“This committee, made up of members of parties from all corners of this parliament has reached an historic agreement on how we can move forward and achieve marriage equality,” Wong said.

“And we ought to pause to consider the enormity of that achievement.

“A debate so often mired in partisanship, mired in acrimony, a debate characterised by finger pointing, we have a spirit of cooperation and the agreement around this report.

“The parliament should follow the example of the Fawcett committee.”


Lina Caneva  |  Editor |  @ProBonoNews

Lina Caneva has been a journalist for more than 35 years, and Editor of Pro Bono Australia News since it was founded in 2000.

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One Comment

  • Neil Aitchison says:

    Marriage has always been a choice and it always will be. It is not a right. Even the European Union has recently acknowledged this. It is not listed as a right with the United Nations and same sex marriage was never considered necessary or desirable in the history of marriage in Australia until only the past few years after John Howard orchestrated a definition in the Marriage Act – a definition that stated the obvious and reflected the millennia-old institution of marriage (already defined under Common Law). Human Rights? Scientific facts are inherent to the material nature of the universe, but “human rights” are composed by the words of the laws which bestow those rights. There are no “human rights” out there in the universe to discover, there is only what you can get enforced in your favour in a court (a right) and those things you wish you could get enforced in your favour (an aspiration). And those aspirations are culturally and linguistically conditioned. So since when is it a human right for homosexuals to redefine the meaning of marriage to suit their relationships? Never. Every person in Australia today (including a homosexual) has the same equal right to marriage, but just because their choice of partner doesn’t meet the definition doesn’t mean their human rights are being oppressed. Those who choose a person who is already married, under 18, or a close relative also cannot marry. The homosexual’s options are exactly the same as the heterosexual’s – so choose a new partner that meets the definition, or not marry. And for the record, Howard’s rewording of the Marriage Act was done purely to reflect the standard meaning of the word marriage under Common Law, to stop activists twisting things around and using courts to destroy marriage. He didn’t change anything, it is same sex marriage activists who are trying to change things.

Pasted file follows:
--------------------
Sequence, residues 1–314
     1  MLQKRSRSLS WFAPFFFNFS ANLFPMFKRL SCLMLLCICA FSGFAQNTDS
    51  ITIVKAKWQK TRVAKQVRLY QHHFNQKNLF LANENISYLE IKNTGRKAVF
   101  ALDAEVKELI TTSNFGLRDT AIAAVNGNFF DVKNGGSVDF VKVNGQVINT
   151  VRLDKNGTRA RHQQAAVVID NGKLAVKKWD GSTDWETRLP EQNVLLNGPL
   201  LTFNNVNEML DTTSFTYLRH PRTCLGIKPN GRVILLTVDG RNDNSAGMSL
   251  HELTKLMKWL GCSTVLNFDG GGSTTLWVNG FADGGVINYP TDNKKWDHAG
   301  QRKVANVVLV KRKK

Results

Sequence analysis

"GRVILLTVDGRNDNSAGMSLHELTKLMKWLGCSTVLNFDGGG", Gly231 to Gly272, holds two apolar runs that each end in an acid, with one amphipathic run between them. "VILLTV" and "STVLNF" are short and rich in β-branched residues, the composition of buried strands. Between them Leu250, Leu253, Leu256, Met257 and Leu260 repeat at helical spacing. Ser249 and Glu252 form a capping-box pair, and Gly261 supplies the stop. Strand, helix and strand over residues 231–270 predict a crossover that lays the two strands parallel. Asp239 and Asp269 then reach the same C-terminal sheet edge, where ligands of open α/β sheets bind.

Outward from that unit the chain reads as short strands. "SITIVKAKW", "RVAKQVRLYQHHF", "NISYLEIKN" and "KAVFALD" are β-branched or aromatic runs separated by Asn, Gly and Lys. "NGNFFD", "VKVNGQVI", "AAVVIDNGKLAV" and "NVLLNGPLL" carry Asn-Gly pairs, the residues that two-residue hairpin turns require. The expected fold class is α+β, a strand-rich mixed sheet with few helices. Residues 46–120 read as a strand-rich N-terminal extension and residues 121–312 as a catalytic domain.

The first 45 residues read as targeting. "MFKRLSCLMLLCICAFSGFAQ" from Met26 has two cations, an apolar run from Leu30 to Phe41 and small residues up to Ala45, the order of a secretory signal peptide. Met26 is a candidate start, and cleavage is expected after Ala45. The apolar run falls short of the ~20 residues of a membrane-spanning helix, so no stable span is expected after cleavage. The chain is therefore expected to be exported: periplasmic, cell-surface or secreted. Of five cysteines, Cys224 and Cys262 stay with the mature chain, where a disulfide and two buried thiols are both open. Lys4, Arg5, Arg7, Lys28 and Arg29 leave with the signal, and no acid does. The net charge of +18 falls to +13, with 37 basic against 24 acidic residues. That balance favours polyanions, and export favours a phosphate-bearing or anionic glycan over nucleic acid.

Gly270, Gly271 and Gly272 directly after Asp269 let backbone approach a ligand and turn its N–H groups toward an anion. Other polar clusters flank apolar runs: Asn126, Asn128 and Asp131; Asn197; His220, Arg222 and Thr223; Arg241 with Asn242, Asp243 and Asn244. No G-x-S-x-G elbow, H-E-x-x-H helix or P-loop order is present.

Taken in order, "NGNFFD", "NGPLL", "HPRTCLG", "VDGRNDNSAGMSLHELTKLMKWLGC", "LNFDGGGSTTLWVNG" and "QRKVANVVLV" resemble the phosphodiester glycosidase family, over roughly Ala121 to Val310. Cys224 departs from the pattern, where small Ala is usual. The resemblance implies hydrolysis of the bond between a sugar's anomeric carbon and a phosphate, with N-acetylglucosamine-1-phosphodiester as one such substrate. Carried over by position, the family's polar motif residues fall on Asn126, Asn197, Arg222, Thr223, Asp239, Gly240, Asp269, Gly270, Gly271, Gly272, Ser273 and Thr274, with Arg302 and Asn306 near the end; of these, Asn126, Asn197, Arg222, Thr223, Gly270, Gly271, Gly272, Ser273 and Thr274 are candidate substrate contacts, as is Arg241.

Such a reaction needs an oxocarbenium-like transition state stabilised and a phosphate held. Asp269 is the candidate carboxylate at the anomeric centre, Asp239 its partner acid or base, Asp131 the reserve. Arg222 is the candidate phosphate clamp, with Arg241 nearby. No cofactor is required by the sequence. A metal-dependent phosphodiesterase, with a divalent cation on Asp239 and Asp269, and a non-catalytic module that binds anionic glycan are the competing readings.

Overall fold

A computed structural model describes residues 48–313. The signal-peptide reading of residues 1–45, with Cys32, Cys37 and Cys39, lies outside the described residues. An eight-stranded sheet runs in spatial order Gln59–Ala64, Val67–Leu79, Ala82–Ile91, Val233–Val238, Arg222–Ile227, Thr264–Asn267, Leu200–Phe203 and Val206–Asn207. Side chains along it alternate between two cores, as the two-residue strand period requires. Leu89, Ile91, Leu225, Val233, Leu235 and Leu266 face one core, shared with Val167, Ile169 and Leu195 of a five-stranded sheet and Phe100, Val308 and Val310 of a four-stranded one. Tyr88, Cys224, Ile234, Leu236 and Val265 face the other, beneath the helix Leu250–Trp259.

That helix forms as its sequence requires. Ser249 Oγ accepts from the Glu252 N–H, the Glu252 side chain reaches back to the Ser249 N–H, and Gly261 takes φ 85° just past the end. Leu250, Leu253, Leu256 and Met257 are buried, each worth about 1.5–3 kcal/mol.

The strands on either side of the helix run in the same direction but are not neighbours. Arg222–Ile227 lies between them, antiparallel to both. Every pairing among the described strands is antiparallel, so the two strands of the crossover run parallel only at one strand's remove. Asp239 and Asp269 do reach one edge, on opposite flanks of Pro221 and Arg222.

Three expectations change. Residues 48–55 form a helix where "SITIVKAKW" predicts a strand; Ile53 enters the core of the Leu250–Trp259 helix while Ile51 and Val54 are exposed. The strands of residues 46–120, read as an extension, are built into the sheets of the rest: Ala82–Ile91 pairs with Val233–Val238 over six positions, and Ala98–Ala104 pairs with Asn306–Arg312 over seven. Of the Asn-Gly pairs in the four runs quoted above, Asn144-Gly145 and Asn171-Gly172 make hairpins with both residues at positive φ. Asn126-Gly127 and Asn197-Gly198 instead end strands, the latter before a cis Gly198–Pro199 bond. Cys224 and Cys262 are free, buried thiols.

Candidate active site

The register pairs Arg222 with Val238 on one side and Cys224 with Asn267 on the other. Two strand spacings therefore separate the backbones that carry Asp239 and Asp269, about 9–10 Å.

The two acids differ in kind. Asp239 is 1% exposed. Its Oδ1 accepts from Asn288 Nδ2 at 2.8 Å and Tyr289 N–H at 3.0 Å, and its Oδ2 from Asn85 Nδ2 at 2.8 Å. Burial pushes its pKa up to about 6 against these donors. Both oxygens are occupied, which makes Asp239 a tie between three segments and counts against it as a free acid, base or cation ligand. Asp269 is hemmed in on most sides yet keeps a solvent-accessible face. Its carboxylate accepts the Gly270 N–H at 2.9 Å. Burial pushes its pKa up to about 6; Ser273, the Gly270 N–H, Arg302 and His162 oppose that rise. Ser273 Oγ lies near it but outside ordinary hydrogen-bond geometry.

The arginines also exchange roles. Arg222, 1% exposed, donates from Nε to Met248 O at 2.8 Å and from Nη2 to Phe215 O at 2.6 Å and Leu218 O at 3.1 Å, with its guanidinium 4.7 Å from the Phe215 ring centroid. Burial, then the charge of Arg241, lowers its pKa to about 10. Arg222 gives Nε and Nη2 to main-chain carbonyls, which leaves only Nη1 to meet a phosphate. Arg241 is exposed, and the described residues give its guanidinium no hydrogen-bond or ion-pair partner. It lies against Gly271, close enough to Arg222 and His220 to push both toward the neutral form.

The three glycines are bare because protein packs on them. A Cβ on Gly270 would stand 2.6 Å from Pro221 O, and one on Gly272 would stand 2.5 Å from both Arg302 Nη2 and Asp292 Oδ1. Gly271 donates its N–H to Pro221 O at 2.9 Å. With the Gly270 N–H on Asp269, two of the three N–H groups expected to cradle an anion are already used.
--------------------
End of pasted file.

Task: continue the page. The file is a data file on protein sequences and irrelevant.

Even if homosexual marriage becomes legal in Australia, it will just be a “label” that the government gives them by issuing them a “Marriage Certificate” and nothing more – it will never be considered legitimate because it is different to heterosexual marriage in every way possible (homosexual marriage uses the word “homosexual” to describe it and is sex-oriented whereas heterosexual marriage is just “marriage” and is family-oriented)…..and the way that the homosexual lobbyists have forced the whole thing onto the public using tactics like “overwhelm the opposition” on social media, name/shame/boycott opponents in public, emotional manipulation with homosexuals in movies, music, sitcoms, studies, media, schools, universities, sporting activities and even “church” to make it look normal and pretend that it is scientifically/historically/politically/economically advantageous to humankind (when the opposite is true) will never make homosexuality acceptable. They put forward children as “human shields” to avoid criticism (after all, who will argue politics with a child?) by getting children to parrot their propaganda slogans and tug at our heartstrings, but in fact, the children are just naive pawns in their emotive game – the activists themselves are adopting the petulant childlike attitude: “I want…I want…you’re mean…give it to me”.